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OK, so this morning's second-quarter earnings report wasn't awe-inspiring. Nokia made an adjusted net profit of $0.21 per share and per depositary receipt, down from $0.52 per share a year ago (holding currency constant at current levels). Revenue came in at an even $14 billion, 25% below the $18.5 billion haul in 2008. Shares are trading down 15% as of this writing.
But that narrow view doesn't do Nokia justice. There are clear signs that the Finnish technology giant is busy bouncing off the bottom of this terrible trough: Sales increased 6.9% over last quarter, and earnings per share jumped 50% quarter over quarter. Nokia owns a commanding 38% share of the global mobility market and 41% of the global smartphone pie.
North America is one of Nokia's weakest markets, so you'd be forgiven if you don't think of the company as a leader. Here, the Apple (Nasdaq: AAPL ) iPhone and Research In Motion (Nasdaq: RIMM ) BlackBerry own the smartphone market. Samsung and Motorola (NYSE: MOT ) both have Nokia beat in the not-so-smart phone segment.
But Nokia shipped 9.3 million N and E series smartphones worldwide this quarter. That's more than all the BlackBerry and iPhone sales put together last quarter. Nokia is a leader, whether the American consumer realizes it or not.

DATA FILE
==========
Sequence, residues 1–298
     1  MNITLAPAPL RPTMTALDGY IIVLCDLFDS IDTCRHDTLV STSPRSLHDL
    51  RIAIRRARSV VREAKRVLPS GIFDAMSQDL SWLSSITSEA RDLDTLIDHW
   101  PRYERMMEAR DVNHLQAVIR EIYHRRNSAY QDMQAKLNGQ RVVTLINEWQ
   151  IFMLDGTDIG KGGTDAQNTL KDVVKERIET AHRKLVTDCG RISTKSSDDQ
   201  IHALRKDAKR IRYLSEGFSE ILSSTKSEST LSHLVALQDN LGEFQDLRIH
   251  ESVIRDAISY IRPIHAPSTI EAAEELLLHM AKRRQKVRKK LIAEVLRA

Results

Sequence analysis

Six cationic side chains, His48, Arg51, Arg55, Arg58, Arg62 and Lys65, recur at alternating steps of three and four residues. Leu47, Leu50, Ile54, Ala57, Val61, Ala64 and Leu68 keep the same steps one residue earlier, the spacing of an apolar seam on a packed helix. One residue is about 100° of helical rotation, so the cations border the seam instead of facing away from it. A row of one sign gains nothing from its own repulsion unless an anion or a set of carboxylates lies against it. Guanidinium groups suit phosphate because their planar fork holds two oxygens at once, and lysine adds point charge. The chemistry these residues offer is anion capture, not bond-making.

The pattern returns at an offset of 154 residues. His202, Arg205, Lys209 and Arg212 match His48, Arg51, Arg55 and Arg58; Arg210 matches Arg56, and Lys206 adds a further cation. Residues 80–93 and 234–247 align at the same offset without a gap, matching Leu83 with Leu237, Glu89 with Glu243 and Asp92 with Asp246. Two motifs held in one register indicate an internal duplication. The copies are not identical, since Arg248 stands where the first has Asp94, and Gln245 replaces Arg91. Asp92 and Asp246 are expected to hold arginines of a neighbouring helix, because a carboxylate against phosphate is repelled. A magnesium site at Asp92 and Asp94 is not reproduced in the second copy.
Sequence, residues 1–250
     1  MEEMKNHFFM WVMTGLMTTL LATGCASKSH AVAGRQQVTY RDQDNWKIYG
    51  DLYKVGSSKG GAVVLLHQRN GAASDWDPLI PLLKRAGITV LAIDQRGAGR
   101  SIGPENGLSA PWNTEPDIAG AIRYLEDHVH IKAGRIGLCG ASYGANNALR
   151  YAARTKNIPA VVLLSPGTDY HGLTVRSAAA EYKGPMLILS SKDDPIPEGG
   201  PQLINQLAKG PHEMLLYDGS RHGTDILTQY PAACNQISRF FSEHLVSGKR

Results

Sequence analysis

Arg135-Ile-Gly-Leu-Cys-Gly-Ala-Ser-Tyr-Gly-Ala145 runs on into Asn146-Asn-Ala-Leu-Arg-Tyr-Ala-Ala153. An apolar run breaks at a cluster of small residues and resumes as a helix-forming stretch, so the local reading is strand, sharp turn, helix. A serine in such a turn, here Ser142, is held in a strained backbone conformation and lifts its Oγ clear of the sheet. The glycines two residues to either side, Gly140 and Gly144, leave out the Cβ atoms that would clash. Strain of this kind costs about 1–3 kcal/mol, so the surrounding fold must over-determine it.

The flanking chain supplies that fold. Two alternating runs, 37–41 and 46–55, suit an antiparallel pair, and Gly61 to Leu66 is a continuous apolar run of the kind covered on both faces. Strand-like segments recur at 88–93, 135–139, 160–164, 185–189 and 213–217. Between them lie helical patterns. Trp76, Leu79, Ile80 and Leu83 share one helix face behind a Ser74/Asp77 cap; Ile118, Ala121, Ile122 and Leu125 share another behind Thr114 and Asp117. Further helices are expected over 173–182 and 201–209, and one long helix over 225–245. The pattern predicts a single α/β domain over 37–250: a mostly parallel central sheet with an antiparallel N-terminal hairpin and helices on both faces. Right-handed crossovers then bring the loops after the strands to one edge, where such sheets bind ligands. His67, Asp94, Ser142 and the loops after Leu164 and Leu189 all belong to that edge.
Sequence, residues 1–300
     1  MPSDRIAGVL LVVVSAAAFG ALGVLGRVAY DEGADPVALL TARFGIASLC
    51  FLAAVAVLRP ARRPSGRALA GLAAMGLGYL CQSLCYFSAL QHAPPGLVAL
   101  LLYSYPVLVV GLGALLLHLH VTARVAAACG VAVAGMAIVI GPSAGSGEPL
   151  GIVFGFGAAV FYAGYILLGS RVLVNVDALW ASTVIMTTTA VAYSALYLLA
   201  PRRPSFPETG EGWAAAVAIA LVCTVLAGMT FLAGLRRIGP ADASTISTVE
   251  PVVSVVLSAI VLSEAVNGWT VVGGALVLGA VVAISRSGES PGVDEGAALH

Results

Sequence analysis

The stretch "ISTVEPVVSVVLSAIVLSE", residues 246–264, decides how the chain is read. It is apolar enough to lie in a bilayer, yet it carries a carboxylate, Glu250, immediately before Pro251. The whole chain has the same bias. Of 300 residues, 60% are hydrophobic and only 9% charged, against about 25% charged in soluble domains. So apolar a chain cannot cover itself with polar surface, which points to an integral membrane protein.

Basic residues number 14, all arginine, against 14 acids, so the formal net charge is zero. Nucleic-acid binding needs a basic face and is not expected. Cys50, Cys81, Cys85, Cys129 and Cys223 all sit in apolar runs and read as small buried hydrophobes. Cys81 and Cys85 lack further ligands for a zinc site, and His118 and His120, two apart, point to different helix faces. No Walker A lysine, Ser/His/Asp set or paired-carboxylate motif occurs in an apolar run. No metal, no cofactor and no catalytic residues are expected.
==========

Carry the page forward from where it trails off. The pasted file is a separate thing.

And CEO Olli-Pekka Kallasvuo keeps his eyes on the ball. "We are balancing short-term priorities with our longer-term growth ambitions as elements of the mobile handset, PC, Internet and media industries converge to form a new industry," he said. You can tell that he's absolutely right on the money just by looking at what the likes of Google (Nasdaq: GOOG ) , Intel (Nasdaq: INTC ) , and Dell (Nasdaq: DELL ) have been up to lately.
Intel is a Nokia partner now, hoping to create a whole new category of mobile communications devices. Google goes beyond the device to form new ideas about communications in general. And when computer giant Dell wants to make a smartphone, you know there's change in the air; technologies are converging and changing what consumers expect from mobile devices. Expect Nokia to stay on the cutting edge of mobile devices.
Someday, even Americans might learn to love the worldwide mobility leader.
And in the meantime, the stock is trading at ludicrously low earnings multiples. Philip Durell handpicked Nokia for Motley Fool Inside Value subscribers almost a year ago, noting that it was "ridiculously cheap" at $20 per share. It's still the same innovative leader at $13.50, and could be a multibagger within a couple of short years.
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